Cruetz also makes the point that Fox’s shift away from entertainment programming may make it harder for them to capitalize off indirect benefits from having all those viewers, namely running promos for their other content. That was often the logic NBC used to justify losing money on Olympics broadcasts, saying it was worth it because of the promotion it gave their other content. (For the record, NBC claimed they made “over $250 million” on the 2016 Rio Olympics despite low ratings and an incredible amount of in-house ads to promote that other content, so even that seems to be working out okay now.)

Fox still has some non-sports properties they can promote, like The Masked Singer. And they can certainly promote their other sports content in hopes of garnering further viewers (and better ad rates) there. And this shift also means that we get fewer awkward Joe Buck ad reads for soon-to-be-cancelled Fox shows. But given how much of their overall focus is on sports, their overall sports content needs to do all right on the bottom line.

And Fox’s need for sports to be profitable overall may put them at a bidding disadvantage if other companies are able to use sports content as more of a loss-leader. For example, Disney is willing to spend a whole lot on sports rights that they can put on ESPN+ these days, as they’re currently more focused on building up that service’s subscription base than having it make a standalone profit. DAZN could maybe say the same. And Amazon spends a lot on, say, Thursday Night Football streaming, which they bundle with their Prime membership service and can also use to target merchandise to viewers.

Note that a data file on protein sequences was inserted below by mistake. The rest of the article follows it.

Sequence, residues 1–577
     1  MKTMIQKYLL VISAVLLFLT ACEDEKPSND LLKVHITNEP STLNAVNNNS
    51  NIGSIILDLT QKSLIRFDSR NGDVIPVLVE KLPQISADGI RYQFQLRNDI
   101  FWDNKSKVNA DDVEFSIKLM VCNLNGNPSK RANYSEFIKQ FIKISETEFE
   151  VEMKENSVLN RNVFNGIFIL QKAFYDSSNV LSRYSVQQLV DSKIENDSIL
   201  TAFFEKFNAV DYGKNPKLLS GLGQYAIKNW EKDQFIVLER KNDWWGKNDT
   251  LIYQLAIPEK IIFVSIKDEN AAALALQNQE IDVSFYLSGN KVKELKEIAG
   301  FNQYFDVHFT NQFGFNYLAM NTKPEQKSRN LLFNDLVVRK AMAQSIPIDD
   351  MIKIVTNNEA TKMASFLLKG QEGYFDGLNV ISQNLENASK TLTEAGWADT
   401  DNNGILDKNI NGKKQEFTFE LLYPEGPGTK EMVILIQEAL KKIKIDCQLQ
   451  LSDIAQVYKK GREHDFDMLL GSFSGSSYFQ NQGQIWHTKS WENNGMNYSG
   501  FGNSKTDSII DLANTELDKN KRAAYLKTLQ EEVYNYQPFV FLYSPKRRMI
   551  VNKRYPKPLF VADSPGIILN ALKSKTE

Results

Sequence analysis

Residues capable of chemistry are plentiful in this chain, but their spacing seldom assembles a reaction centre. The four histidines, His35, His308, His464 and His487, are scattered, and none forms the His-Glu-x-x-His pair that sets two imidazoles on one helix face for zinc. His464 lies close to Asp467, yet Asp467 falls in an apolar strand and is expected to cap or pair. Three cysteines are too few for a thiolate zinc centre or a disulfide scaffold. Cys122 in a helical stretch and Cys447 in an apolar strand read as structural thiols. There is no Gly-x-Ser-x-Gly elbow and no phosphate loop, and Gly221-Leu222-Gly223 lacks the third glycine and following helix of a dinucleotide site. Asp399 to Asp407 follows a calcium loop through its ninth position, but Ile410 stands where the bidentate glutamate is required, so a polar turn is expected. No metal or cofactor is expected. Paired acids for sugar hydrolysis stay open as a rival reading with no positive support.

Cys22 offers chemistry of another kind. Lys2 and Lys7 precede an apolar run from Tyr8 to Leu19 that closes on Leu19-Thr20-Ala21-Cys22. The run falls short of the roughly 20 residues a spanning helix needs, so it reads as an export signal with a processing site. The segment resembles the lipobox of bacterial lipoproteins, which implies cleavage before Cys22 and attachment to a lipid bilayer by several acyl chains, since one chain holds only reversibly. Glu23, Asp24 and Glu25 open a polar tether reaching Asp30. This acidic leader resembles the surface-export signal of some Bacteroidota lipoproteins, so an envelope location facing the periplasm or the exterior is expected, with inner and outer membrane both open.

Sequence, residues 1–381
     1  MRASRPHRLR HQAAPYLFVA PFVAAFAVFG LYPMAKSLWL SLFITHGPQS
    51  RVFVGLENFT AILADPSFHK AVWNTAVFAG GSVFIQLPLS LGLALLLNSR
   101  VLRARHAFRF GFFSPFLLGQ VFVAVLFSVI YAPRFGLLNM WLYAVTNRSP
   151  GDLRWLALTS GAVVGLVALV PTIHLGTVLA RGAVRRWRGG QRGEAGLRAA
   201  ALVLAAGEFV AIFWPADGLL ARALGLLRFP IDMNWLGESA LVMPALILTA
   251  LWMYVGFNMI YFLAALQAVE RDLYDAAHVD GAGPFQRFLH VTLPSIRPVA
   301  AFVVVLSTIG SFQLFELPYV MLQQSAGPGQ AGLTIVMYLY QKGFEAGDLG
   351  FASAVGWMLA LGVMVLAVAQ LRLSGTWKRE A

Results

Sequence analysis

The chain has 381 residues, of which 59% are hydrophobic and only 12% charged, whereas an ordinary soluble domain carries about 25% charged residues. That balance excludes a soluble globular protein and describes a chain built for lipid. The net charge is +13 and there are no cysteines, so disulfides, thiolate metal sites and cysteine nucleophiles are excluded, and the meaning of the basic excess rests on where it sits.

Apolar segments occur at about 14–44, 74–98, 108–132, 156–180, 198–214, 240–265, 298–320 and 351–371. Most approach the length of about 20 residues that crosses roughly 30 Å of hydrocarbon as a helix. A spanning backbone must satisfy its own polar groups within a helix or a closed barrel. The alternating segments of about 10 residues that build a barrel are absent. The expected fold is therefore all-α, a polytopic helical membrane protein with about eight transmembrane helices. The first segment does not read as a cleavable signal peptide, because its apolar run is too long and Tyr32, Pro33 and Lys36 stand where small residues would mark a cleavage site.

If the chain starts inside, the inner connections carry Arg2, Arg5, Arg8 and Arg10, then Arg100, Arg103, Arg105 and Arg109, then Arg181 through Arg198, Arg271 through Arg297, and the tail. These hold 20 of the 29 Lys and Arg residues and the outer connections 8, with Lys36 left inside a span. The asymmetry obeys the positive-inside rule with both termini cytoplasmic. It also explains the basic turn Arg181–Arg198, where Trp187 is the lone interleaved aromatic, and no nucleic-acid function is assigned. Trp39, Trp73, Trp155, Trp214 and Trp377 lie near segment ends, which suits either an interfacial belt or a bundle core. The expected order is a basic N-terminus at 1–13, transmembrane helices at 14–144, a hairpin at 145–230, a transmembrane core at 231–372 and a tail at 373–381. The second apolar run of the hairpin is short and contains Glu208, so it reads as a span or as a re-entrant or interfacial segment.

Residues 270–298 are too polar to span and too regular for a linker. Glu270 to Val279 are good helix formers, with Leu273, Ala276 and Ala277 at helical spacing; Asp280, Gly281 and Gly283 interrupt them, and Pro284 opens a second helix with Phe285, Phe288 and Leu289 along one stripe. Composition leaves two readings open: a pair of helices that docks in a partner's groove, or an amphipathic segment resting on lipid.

That’s also where the “lack of a meaningful OTT strategy” Creutz notes comes in. Disney/ABC/ESPN and CBS both have OTT packages they can promote and incorporate, as does TNT/TBS parent WarnerMedia (with B/R Live and HBO Max), and NBC has their NBC Sports Gold options and is launching an entertainment streaming service (Peacock). Not every broadcaster necessarily needs to go big into OTT streaming (we’re already facing a lot of streaming overload), and there isn’t necessarily a logical way for the slimmed-down “New Fox” to get into that space. (for the record, they do have BTN+, but that’s very limited), but it’s worth keeping in mind that Fox is different from many of their competitors in that regard as well.